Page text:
I knew from the age of 11 years that my goal was to design.
I wanted to be a fashion designer. Back then, I didn’t know what design involved, but I knew it was my future.
I am not sure where my inner conviction came from, but I do remember that it was robust enough to ignore the dismissive attitude of my then high school career adviser. Exactly what was said I don’t remember, but I do know there were unspoken words. My impression was that “design” and (are you serious?) “fashion design” was not a “real” career option. That occasion was an introduction and not the only time in my subsequent design career that I have experienced people’s mixed reactions to design.
Design jobs. Design courses. “I am a designer”. What does it mean?
One of the criticisms levelled at design is that many individuals don’t know what people who design actually do. The word “design” appears to have no value. In English “design” is both a verb, “to design” and a noun, “the design”. Despite this, it is apparent that some people love the concept of design.
Design for them is the glue that creates the world we live in, the good and the bad. Yes, I confess, I am in this group.
Then, there are the people who feel that design is “only” something related to creativity, art or aesthetics, “Oh, there are so many more important things”. Sometimes, people are indifferent, “Design? Never really thought about it”; “A Ph.D. about design? Why?”
When people call themselves “architect” or “engineer”, we instinctively know they have completed a level of required study. This is unlike design, where a designer does not have universal acceptance, is certainly not academically recognised nor are most of them accorded high status or economic value.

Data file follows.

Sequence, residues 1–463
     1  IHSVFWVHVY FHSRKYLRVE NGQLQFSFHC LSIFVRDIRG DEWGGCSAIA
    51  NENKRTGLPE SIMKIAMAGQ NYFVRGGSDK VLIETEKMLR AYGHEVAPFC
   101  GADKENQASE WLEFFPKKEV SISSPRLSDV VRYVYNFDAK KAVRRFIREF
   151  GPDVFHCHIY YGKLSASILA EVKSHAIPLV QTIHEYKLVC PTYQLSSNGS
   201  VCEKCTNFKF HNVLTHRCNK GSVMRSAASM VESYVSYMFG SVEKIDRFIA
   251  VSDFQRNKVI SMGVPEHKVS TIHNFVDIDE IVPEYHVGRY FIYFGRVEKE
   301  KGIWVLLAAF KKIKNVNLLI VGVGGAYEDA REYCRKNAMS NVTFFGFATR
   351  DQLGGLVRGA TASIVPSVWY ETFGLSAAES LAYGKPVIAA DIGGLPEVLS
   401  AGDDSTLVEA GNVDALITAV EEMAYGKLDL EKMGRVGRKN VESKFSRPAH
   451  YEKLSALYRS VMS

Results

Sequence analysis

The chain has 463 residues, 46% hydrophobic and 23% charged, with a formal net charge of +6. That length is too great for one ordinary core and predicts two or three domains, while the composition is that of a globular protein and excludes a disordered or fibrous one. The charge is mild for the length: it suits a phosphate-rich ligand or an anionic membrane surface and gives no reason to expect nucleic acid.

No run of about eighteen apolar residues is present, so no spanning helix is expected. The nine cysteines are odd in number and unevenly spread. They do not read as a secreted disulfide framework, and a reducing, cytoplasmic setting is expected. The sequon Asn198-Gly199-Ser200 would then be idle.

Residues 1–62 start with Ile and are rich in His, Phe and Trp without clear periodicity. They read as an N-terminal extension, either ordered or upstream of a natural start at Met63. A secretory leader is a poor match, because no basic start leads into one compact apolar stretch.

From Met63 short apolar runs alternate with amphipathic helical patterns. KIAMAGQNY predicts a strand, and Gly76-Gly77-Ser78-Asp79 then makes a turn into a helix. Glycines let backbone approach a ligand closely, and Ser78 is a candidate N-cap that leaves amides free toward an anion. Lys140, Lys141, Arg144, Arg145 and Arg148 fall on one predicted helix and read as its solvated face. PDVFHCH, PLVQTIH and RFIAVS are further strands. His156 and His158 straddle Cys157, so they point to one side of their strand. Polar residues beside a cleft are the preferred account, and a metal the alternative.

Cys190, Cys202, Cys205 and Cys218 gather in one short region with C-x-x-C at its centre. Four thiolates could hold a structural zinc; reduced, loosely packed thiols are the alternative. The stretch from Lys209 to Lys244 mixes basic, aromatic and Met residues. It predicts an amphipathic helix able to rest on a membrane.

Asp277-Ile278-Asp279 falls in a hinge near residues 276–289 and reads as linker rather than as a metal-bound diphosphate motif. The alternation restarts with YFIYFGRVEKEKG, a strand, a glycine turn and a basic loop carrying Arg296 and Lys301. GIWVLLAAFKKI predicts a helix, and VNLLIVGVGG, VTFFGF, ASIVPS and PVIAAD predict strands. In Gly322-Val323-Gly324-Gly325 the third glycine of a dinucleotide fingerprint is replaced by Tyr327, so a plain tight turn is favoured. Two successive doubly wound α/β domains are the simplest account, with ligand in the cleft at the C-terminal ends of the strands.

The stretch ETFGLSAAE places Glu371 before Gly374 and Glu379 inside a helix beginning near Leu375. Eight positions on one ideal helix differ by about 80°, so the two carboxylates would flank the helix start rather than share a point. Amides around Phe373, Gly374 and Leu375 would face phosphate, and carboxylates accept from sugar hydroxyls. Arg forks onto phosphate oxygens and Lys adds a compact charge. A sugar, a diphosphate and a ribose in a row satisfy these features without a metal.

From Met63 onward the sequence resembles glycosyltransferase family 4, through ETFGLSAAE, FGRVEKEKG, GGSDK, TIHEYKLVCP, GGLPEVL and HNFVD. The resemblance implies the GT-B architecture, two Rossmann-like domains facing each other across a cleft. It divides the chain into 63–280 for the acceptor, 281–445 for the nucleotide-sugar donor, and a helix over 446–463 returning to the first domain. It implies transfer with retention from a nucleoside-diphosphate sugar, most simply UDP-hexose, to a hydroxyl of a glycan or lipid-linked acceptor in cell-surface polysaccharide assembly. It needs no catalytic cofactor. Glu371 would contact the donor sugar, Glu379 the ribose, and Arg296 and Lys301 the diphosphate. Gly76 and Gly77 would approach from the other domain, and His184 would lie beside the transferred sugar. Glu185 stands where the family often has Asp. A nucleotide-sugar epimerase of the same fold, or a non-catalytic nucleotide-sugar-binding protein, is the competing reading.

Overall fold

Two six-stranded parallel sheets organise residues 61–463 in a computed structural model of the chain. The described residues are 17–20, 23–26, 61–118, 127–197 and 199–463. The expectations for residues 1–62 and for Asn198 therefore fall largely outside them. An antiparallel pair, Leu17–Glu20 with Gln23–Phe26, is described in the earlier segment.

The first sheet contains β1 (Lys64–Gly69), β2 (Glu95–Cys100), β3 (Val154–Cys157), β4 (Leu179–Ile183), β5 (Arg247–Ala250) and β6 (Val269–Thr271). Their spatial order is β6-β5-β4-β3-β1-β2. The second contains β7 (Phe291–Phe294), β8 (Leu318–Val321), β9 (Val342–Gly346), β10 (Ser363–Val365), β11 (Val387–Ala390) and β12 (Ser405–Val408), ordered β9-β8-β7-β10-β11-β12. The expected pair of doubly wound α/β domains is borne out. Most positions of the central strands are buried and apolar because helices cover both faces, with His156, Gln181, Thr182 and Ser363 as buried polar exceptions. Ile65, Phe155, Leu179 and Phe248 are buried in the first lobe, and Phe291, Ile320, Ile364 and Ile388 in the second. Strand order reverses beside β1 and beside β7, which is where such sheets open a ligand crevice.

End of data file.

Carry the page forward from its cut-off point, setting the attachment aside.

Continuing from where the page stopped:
When I first started teaching at the university in 2001, I was teaching Multimedia Design to students in the IT school. Multimedia Design is the creation of something using a variety of media such as images, sound and animation, hence the term ‘multi’. At the time, many of the IT staff didn’t acknowledge Multimedia Design (it was before the iPhone, after all). Some openly disregarded it. I was keen to be accepted and found myself thinking, wow, if they react like this to multimedia design then I am definitively not mentioning my fashion background!
Now, in 2016, I can’t help but wonder why it has taken me so long to mentally reframe my thinking. Other people’s responses have obviously impacted my own thinking towards design. Looking back, if there was an issue about multimedia, fashion or design perhaps I was affected because I did not personally value the design knowledge and skills I had…
So is there an issue with design that begins with peoples’ perceptions of it?
I started by asking my students what their perception of design is. The answers begin to chart the way. My research is investigating the assumptions people make about the concept of “design”. In a nutshell, I am comparing the reactions and assumptions of people who don’t work with design with those who do.
For instance, my research shows that if someone is familiar with graphic design, they are likely to assume design is about visual aesthetics. Whereas, a field such as engineering focuses on developing solutions to problems, such as designing bridges so the relevance of graphics is not a consideration for them. Fashion design, software design, industrial design and more currently, user experience design, interface design…the list goes on, all with different understanding.
Even the design disciplines don’t always agree on the meaning and value of design.
What is your concept of design?
I find it fascinating that the definition of design can create such a diverse range of reactions in so many people.
While writing this blog post I had the huge realisation that all the different reactions I have personally experienced in my relatively successful design career are actually the catalyst for my Ph.D. journey.
I wonder what my high school career adviser would think about that?
Yours in design
Image source: Janet Jervis (original design)